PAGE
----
Retired army colonel and New York Times best-selling author Andrew J. Bacevich provides a searing reassessment of US military policy in the Middle East over the past four decades.
From the end of World War II until 1980, virtually no American soldiers were killed in action while serving in the Greater Middle East. Since 1990, virtually no American soldiers have been killed in action anywhere else. What caused this shift? Andrew J. Bacevich, one of the country's most respected voices on foreign affairs, offers an incisive critical history of this ongoing military enterprise - now more than 30 years old and with no end in sight.
During the 1980s, Bacevich argues, a great transition occurred. As the Cold War wound down, the United States initiated a new conflict - a war for the Greater Middle East - that continues to the present day. The long twilight struggle with the Soviet Union had involved only occasional and sporadic fighting. But as this new war unfolded, hostilities became persistent. From the Balkans and East Africa to the Persian Gulf and Central Asia, US forces embarked upon a seemingly endless series of campaigns across the Islamic world. Few achieved anything remotely like conclusive success. Instead, actions undertaken with expectations of promoting peace and stability produced just the opposite. As a consequence, phrases like permanent war and open-ended war have become part of everyday discourse.
Connecting the dots in a way no other historian has done before, Bacevich weaves a compelling narrative out of episodes as varied as the Beirut bombing of 1983, the Mogadishu firefight of 1993, the invasion of Iraq in 2003, and the rise of ISIS in the present decade. Understanding what America's costly military exertions have wrought requires seeing these seemingly discrete events as parts of a single war. It also requires identifying the errors of judgment made by political leaders in both parties and by senior military officers who share responsibility for what has become a monumental march to folly. This Bacevich unflinchingly does.
A 20-year army veteran who served in Vietnam, Andrew J. Bacevich brings the full weight of his expertise to this vitally important subject. America's War for the Greater Middle East is a bracing after-action report from the front lines of history. It will fundamentally change the way we view America's engagement in the world's most volatile region.
©2016 Andrew J. Bacevich (P)2016 Random House Audio
"In one arresting book after another, Bacevich has relentlessly laid bare the failings of American foreign policy since the Cold War. This one is his sad crowning achievement: the story of our long and growing military entanglement in the region of the most tragic, bitter, and intractable of conflicts." (Richard K. Betts, director, Saltzman Institute of War and Peace Studies, Columbia University)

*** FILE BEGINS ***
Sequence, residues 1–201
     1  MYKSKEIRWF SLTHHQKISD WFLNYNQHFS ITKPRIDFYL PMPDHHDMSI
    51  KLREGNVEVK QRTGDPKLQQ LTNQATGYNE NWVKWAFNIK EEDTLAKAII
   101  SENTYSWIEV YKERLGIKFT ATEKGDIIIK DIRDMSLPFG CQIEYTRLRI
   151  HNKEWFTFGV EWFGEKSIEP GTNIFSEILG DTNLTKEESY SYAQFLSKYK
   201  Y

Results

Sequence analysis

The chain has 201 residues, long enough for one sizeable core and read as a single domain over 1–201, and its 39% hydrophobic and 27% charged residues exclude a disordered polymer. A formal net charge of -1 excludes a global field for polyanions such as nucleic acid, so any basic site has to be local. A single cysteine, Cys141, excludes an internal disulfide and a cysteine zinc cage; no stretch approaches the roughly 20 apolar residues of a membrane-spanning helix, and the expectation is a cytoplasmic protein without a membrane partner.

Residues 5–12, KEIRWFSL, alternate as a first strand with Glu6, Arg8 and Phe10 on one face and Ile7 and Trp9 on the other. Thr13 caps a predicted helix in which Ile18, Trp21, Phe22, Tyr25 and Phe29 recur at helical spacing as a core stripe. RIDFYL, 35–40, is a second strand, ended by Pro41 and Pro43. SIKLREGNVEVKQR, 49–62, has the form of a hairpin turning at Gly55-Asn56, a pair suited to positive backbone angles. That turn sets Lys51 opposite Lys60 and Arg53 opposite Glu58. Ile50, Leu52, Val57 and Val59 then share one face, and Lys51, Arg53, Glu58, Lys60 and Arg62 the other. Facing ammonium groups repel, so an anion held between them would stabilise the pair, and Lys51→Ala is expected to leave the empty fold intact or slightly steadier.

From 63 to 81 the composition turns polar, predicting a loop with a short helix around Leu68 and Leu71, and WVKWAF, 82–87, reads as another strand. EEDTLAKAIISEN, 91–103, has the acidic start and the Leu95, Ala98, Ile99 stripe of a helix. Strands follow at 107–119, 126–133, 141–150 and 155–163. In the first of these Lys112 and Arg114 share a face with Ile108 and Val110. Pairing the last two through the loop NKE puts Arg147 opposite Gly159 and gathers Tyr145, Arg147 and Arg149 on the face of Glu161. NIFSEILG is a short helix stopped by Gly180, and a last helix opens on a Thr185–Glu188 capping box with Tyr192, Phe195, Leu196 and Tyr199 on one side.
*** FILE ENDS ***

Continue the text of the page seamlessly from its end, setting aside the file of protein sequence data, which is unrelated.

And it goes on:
"An unparalleled historical tour de force certain to affect the formation of future U.S. foreign policy.... Every citizen aspiring to high office needs not only to read but to study and learn from this important book. This is one of the most serious and essential books I have read in more than half a century of public service." [Lieutenant General Paul K. Van Riper, US Marine Corps (Ret.)]
"Bacevich asks and answers a provocative, inconvenient question: In a multigenerational war in the Middle East, 'Why has the world's mightiest military achieved so little?'" (Graham Allison, director, Belfer Center for Science and International Affairs, and Douglas Dillon Professor of Government at Harvard's John F. Kennedy School of Government)
I write for myself, for my own pleasure. And I want to be left alone to do it. - Salinger ^(;,;)^
"To be sure, Bush's Second Inaugural qualifies as a thoroughly American text, the president reiterating sentiments voiced by more than a few of his predecessors. Yet the speech also bears the unmistakable imprint of self-indulgent fantasy, of sobriety overtaken by fanaticism. Bush's expectations of ending tyranny by spreading American ideals mirrored Osama Bin Laden's dream of establishing a new caliphate based on Islamic principals. When put to the test, the president's vision of peace gained by waging preventative war had proven to be just as fanciful as bin Laden's and harry less pernicious. As adversaries, truly they were made for each other."
-- Andrew J. Bacevich, America's War for the Greater Middle East.
Dr. Andrew "Skip" Bacevich is a national treasure. He is fairly unassuming in person. He would pass for a conservative banker, a thoughtful pastor, or reserved high school principal if you just happened to see him sitting across from you on the Amtrak from North Station to DuPont. But step out of line, and just his gaze alone would stop you in your tracks. He could stare down a bear, perhaps stop a shark in Hawaii with just his gaze. Obviously, I exaggerate. I'm not sure how wildlife would react to a retired Colonel Bacevich, but the couple times I met him when he was commanding the 11th ACR in Fulda, Germany ... well, let's be honest ... he scared the sh!t out of me. And I don't intimidate easily. Even the 17-year-old version of me.
Anyway, I've read many of Bacevich's previous books like: (The Limits of Power: The End of American Exceptionalism, Washington Rules: America's Path to Permanent War, Breach of Trust: How Americans Failed Their Soldiers and Their Country). I still have two other Bacevich books: (The New American Militarism: How Americans are Seduced by War, American Empire: The Realities and Consequences of U.S. Diplomacy) sitting stoically on the shelf right behind me (between a Gary Wills and a Steve Coll) waiting patiently to be read. I would consider myself to be a hyper-Bacevich-acolyte. I will read them soon.